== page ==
An attentive reader or worshiper may notice that this Acclamation is different than it was in the 1979 Prayer Book.  That book rendered it:

Blessed be God: Father, Son, and Holy Spirit.

We, meanwhile, have added “the” to each person of the Trinity.  Why?

It’s more explicit about trinitarian theology.  The previous format can leave one with the unconscious impression that God is a nebulous entity with three aspects, and fall into the heresies of sabellianism or modalism.  But stating, instead the Father, the Son, and the Holy Spirit, we subtly emphasize that these are three distinct persons, not just modes of being that God can switch between.  Yes it’s subtle, and yes it’s implicit, but that’s one of the important things about worship and common prayer: little things repeated enough times can have a huge impact.

Did this phrase along cause the catastrophic descent of the Episcopal Church into theological chaos in the latter quarter of the 20th century?  No, probably not.  More likely it was a symptom of pre-existent trends.  But it is a phrase that we found we could adopt and improve for a clearer proclamation of the identity of the God we are gathering to worship that day, and every day.

What does the + mean?

You’re reading something churchy and all of a sudden there’s a plus sign on the page.  What does that mean?  Typically it’s one of three things.

#1 Make the sign of the cross on yourself.

In Roman Catholic, Eastern Orthodox, and high-church Anglican tradition, making the sign of the cross is a common gesture in the course of prayer and worship.  Most often, one crosses oneself when the priest is pronouncing a blessing or absolution, or when the person praying says the triune name of God: “Father, Son, and Holy Spirit.”  The opening acclamation of the modern communion service is typically said with the sign of the cross, as is the beginning of the Gospel Canticles (the Benedictus, the Magnificat, and the Nunc dimittis).  If you’re a regular worshiper in a high-church context, you may be able to identify more points in the liturgy where people do this.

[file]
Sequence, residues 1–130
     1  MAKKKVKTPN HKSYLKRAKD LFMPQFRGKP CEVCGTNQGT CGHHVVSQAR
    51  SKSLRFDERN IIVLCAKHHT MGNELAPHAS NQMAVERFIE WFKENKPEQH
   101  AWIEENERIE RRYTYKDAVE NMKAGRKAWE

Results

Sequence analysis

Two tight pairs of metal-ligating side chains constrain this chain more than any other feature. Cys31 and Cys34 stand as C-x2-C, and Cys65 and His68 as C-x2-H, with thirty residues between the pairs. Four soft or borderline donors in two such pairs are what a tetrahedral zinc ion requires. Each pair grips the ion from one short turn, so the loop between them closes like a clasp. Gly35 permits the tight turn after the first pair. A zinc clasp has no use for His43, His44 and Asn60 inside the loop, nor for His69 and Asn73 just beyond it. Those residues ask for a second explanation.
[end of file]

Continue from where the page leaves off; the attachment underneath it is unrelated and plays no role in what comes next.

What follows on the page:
In certain liturgical texts, though not any official Prayer Books, a plus sign or cross is placed alongside or amidst the words to indicate when the worshiper should cross him-or-herself.

#2 The celebrant makes the sign of the cross over something.

During the celebration of a sacrament or sacramental rite, it was traditional for the priest or bishop to make the sign of the cross over the object being blessed or consecrated.  We saw an example of this last week in the 1549 Prayer Book’s eucharistic canon.  When holy water or oils are being blessed, it is customary for the celebrant to make the sign of the cross over those elements also.

I’ve seen occasions wherein people cross themselves while the celebrant makes the sign of the cross over the object(s) being blessed, and it’s frankly a bit comical.  There the bishop is, consecrating oil to be used in the anointing of the sick and whatnot, and there’s half the congregation crossing themselves at the same time!  The reader has to be aware of whether the + is meant for the congregation or for just the celebrant.  Usually context is perfectly clear.  If nothing else, this is a reminder that one must always keep one’s brain engaged in the liturgy. “What am I to do? I will pray with the spirit and I will pray with the mind also” (1 Cor. 14:15).

#3 The priest or bishop is conveying a blessing in writing.

When writing a letter (or email, today) a priest or bishop may sign off with a blessing to his recipients by marking a + or † after his name if he’s a priest or before his name if he’s a bishop.  As deacons do not pronounce blessings, they do not sign their name in this manner.

This is by far the most misunderstood use of the sign today.  It’s frequently used as a name marker in internet communication:

Dear Fred+,

I was talking with +William and James\ about the conduct of a member of our vestry, and would like your input.

Thanks,
Lionel+